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The weather can kill

  • Published at 01:05 pm July 7th, 2018
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What are we doing to prevent lightning deaths? Photo: BIGSTOCK

Bangladesh is one of the most disaster-prone countries in the world

In the last three months, over 80 people have been killed by lightning strikes. The Earth is expected to warm by 4C in the 21st century, and for an increase in every 1C there will be a rise of 12% in the frequency of lightning strikes, as said by Prof Romps and his team at University of California, Berkeley. 

The heat energy acts as a fuel for lightning storms -- since 2010 till 2017, over 1,800 people have lost their lives in Bangladesh due to thunderstorms and lightning. Even though the Bangladesh government has declared lightning strikes as an official natural disaster in 2016, Bangladesh Meteorological Department only announces warnings before thunderstorms, given that they can predict them in time.

During the months of April, May, and June, we face the hottest temperatures. As there is more heat, water evaporates and this means more rain. This year, there has been an unusual pattern of continuous rainfall and thunderheads. These electrical lightings have affected farmers mostly, who cultivate land with their electrical equipment, and other people in the rural open areas. 

Common people are victims too -- when the weather worsens or there is a hint of a storm, women and kids go out to bring their livestock home, which makes them prone to lightning strikes. Experts say, people who stand near electrical, metal towers or take shelter under trees get hit by lightning. This only happens because they are not educated or informed about the safety measures. 

We have stepped into the digital era, where every household has access to 3G devices; we all have cell phones and most industrial and agricultural sectors are using advanced technology and heavy machinery; we are progressing, but without fully comprehending the effects.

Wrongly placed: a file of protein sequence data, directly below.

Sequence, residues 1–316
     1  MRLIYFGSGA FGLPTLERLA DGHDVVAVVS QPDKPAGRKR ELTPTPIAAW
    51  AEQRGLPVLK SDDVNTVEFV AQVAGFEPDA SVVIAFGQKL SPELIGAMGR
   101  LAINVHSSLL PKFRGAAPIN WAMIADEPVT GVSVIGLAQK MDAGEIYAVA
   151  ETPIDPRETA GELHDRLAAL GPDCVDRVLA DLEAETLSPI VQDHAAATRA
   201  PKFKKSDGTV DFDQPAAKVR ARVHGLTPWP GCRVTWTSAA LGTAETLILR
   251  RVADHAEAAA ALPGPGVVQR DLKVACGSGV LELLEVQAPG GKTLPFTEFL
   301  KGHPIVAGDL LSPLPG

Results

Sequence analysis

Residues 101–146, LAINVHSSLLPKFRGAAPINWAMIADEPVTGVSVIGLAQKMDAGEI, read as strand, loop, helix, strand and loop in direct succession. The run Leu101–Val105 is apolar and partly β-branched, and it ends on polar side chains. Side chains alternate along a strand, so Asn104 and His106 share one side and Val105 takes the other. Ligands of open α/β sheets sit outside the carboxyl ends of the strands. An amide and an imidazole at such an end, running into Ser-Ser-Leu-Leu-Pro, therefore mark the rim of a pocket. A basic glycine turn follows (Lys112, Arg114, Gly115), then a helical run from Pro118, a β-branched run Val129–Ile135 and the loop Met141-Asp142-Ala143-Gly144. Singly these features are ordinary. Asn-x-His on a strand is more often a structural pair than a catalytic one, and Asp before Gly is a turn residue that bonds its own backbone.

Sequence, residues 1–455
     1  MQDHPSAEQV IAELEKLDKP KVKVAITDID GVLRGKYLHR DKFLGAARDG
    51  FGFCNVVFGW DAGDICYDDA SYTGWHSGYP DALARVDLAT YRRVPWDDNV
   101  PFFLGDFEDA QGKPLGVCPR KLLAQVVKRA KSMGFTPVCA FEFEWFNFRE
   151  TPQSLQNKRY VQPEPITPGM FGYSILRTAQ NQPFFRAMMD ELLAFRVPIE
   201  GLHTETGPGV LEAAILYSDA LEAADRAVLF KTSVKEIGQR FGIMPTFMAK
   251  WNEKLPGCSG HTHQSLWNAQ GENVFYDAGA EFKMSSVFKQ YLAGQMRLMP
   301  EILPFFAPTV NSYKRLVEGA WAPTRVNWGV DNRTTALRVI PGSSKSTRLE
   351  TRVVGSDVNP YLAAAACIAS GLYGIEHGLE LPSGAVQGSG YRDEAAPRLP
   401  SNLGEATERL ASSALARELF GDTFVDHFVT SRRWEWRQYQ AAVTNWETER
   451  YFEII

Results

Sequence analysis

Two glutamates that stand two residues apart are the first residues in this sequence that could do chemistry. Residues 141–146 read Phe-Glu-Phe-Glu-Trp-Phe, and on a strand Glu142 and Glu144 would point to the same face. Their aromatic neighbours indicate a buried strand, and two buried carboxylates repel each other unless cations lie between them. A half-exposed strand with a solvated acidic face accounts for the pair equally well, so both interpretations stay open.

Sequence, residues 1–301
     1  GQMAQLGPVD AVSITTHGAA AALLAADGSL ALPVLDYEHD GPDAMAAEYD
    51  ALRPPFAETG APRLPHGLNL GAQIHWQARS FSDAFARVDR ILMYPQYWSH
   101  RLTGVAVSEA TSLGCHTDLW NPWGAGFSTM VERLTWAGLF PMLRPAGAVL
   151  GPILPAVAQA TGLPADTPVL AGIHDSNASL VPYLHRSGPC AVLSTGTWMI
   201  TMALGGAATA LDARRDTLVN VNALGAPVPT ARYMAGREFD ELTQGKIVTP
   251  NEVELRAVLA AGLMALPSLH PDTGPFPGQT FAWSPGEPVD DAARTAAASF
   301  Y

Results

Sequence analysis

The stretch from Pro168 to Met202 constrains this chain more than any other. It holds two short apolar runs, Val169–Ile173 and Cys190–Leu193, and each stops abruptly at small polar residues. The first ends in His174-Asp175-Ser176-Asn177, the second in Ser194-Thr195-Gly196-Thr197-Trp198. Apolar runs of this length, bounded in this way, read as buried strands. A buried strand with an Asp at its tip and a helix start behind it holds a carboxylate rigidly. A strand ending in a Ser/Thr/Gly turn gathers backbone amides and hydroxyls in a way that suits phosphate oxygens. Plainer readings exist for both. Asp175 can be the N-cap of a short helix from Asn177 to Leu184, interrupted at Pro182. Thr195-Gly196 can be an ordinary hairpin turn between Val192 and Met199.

We need to keep an account for the consequences of using such technology. Bangladesh’s citizens are not fully aware of the consequences due to the lack of social campaigns and knowledge of precautionary measures. Thus, even if there are official disaster warnings, it is difficult for people to comprehend them and so the warnings go ignored. 

The frequency of lightning has increased in Bangladesh, especially in Satkhira, Dinajpur, Kishoreganj, Lalmonirhat, Chapainawabganj, Sunamganj, Brahmanbaria, and Habiganj. Many have said, this is due to deforestation and the exponential growth in the population of the country. 

The government has started planting palm trees in parts of the country -- a long-term solution which will not reduce the death toll immediately. It is not likely that there will be any pause in the business of cutting trees down, whether it be for land or for various products. So there should be ways we can fight back other than just planting trees. 

We are not absolutely safe in our houses either. Lightning is an electrical discharge between the atmosphere and land bound objects -- as long as we avoid using the water supply, electrical appliances, cords, wires, and metal-based objects we’ll be safe. 

Another way is to install lightning arrestors or lightning rods in buildings to save us from being victims of thermal burns and other severe injuries, even death. The government should take an initiative to install lightning rods into the rural parts of Bangladesh, especially around vast open areas. 

Bangladesh is said to be one of the most disaster-prone countries in the world, and also the most affected by climate change. People are dying for various reasons, and at times we say it’s common. Yes, it’s common to see lightning and thunderstorms, but untimely deaths should not be something that becomes common. 

Every year, more than 250 people are dying because of this phenomenon, and it is our duty to make people aware about these harmful hazards and their preventative measures. 

Tasneem Kibria Orpa is a freelance contributor.